In January 2013, GHBH learned that Councilman Curran, Royal Farms attorneys and the City’s Department of Transportation had met quietly in December 2012 without the knowledge of the community and reached an agreement whereby and no traffic study would be required. That meeting resulted in Royal Farms ceding a small parcel of the property to the City, decreasing parking spaces by 25 to 50, reducing the square footage of the store to 4,139 sq. ft. and reducing the number of gas pumps from 14 to 12. Royal Farms came to a number of community associations presenting these modified plans.
In February 2013, the GHBH Executive Board met with Royal Farms representative Jeff Bainbridge, attorney Caroline Hecker, civil engineer Steve Warfield, and builders David Berg and Lindsay Taylor. Frank Murphy from DOT, Councilman Curran and Mike Hilliard of HARBEL were present. Again, community members were unmoved and angry by the proposed plan. They felt the new changes to the plan did not address any of their concerns. There were a number of requests made in this meeting including, but not limited to: a permanent barrier on the back of the property; additional mature trees on the back of the property (20’ evergreen type instead of 5-6’), solutions to traffic issues on Mary Avenue (restricted parking, traffic light, left turn signal, bump out before Richard Avenue, etcetera), requested solutions to egress onto Glenmore Avenue causing traffic back up at light, traffic leaving the property headed south on Harford Road; reduced hours of operation (closing at 1 am, opening at 4-5 am); the addition of a fourth handicapped parking spot. Representatives for Royal Farms were scheduled to present their plans to the general membership of GHBH, but that meeting was canceled due to inclement weather and school closure.
The Hamilton Hills community association generously invited GHBH to attend their next meeting, since Royal Farms would be presenting to them. The plans that were presented by Royal Farms were identical to those in the February meeting at HARBEL with one exception – they contained only two handicapped parking spots. Originally, there had been three. One had been removed.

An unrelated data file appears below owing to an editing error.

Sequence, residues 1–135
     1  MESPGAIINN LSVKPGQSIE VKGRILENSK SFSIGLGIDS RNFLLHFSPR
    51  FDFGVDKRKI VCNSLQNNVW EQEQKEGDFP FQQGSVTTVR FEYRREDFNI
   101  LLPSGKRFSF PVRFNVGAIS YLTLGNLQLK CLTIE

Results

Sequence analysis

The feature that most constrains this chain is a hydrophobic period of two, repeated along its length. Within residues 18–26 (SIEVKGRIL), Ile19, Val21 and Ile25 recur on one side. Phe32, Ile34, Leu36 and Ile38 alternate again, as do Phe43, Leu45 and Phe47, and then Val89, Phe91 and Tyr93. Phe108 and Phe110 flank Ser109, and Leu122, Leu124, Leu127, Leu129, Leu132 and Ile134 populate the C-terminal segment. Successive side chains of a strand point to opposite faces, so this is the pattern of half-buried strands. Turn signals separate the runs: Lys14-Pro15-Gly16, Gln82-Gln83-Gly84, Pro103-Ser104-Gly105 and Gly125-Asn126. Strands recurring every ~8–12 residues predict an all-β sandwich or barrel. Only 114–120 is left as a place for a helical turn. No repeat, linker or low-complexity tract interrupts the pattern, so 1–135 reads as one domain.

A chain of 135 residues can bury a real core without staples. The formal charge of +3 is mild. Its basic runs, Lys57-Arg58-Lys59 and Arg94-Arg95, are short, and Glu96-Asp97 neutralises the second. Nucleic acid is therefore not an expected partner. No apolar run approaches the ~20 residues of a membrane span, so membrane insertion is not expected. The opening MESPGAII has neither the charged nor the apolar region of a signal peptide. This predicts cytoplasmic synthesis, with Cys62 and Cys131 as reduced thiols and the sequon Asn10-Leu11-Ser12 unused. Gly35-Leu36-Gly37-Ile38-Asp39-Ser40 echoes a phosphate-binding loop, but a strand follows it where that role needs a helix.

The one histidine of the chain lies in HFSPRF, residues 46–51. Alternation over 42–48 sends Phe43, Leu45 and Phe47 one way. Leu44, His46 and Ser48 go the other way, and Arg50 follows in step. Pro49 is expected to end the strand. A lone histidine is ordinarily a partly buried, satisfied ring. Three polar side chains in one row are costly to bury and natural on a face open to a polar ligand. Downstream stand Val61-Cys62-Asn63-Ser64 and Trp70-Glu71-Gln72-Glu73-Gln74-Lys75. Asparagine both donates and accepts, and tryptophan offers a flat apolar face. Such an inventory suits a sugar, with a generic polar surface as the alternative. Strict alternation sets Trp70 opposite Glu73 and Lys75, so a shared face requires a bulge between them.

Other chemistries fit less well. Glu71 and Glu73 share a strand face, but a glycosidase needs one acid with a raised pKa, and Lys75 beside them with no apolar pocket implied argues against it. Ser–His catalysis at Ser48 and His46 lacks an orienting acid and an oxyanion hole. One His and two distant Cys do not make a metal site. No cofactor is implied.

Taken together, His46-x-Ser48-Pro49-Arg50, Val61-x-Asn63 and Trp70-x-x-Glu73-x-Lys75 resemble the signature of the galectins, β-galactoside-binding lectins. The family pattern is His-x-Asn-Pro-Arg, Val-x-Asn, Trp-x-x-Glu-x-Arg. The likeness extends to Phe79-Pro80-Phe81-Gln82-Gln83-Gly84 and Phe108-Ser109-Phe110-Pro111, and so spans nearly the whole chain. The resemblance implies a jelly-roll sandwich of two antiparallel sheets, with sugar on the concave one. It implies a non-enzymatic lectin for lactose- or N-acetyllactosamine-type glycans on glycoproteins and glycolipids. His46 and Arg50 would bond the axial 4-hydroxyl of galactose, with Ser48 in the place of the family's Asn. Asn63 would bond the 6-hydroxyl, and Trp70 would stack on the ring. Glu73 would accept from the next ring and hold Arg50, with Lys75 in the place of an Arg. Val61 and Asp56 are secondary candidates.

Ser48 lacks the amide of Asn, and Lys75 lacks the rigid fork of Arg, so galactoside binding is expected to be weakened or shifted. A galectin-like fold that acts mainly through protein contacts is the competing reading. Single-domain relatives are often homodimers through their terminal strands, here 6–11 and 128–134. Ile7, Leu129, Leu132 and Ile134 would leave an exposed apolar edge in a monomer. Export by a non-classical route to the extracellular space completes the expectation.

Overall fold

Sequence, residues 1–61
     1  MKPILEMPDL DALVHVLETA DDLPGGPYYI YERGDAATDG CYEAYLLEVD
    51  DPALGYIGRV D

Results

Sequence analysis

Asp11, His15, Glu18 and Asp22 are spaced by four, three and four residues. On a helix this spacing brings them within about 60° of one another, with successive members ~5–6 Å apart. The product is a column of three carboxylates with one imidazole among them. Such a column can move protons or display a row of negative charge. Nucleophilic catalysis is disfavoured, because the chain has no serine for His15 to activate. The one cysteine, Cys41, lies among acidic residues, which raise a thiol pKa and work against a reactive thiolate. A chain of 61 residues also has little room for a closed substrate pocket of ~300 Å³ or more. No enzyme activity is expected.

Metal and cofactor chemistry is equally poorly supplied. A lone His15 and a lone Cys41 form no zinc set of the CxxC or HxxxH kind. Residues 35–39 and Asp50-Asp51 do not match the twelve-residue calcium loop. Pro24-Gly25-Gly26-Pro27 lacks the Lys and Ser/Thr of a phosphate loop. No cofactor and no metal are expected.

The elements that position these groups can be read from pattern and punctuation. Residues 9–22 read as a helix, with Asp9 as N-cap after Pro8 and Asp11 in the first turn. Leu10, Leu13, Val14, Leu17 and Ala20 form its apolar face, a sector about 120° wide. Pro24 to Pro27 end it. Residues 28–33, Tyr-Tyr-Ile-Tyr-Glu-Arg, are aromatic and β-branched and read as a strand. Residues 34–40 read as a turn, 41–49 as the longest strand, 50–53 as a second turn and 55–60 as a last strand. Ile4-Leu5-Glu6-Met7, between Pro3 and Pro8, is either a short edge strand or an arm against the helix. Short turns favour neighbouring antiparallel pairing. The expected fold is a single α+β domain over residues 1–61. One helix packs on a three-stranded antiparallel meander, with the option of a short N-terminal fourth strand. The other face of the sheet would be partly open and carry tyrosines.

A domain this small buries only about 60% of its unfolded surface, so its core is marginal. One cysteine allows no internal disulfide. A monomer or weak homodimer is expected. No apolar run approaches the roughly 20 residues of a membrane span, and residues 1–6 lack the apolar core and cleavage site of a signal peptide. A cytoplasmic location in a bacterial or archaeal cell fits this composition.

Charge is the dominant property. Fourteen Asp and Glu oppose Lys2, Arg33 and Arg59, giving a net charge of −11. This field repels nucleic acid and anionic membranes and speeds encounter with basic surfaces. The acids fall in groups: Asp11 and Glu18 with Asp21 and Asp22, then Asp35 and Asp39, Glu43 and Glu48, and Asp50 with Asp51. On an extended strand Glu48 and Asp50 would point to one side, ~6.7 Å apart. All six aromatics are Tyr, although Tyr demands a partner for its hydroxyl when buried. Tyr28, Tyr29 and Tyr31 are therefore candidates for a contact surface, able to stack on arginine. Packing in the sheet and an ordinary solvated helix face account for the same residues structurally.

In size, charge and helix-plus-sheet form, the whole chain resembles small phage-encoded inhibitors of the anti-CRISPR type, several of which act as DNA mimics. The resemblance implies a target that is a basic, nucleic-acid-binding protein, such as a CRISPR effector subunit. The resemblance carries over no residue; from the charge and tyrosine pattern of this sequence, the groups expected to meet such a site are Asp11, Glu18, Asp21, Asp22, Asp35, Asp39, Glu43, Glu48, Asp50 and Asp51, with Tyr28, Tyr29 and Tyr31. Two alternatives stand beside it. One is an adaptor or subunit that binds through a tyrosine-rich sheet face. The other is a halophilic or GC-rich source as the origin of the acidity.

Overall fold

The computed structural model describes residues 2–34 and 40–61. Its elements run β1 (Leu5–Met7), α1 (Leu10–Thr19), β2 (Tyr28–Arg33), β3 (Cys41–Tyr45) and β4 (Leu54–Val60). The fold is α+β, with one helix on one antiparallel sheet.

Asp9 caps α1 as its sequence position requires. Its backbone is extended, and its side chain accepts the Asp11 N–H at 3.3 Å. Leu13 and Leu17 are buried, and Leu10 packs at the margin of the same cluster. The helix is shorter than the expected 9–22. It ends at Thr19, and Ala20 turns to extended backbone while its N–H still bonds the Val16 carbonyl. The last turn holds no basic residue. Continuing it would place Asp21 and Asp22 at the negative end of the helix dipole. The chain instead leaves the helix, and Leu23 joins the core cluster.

An important point had been made by this seemingly small detail. In the February meeting, Sheila Ebelein had indicated that another handicapped parking spot on the rear of the building ould be helpful, since there were many neighbors with mobility concerns. There would be no need for any reallocation of space, since there was already a lane for a lift next to the existing marked space. All that would be required was to designate and mark the spot. This would result in four designated handicapped spaces out of 50 – two at the front entrance and two at the rear. Royal Farms representative Mr. Bainbridge stated that although three were present in the current plan, only two were required by law. Ms. Ebelein voiced her appreciation for the additional space and requested that a fourth be provided. Royal Farms response to this small, inconsequential response was to remove the third space. It spoke volumes.
All community associations tried to negotiate independently, but failed. Requests were made for information and specifics, but representatives of Royal Farms did not provide any, even when they made statements of assurance that they would do so.
Neighbors believe that Royal Farms, with support of Councilman Curran, always had the strategy to go in with the initial plans and then modify them slightly, feigning deference to the community.
Neighbors opposed the Conditional Use by Royal Farms to develop a gas station before the BMZA on April 2, 2013. Thirty-five neighbors took the time out of their day, many taking off work, to show up at 1pm. At the end of the day, in a two minute decision, the Board approved the Conditional Use, thereby sanctioning a highway sized gas station in the heart of Hamilton on Harford Road.
The neighbors and Community Associations then took steps to retain a zoning attorney for an appeal and began planning a direct action campaign.
We believe fighting this battle on both fronts is vital.
Won't you please help us by donating to defray legal expenses and the costs associated with resisting this development that threatens the fabric of our community and its revitalization?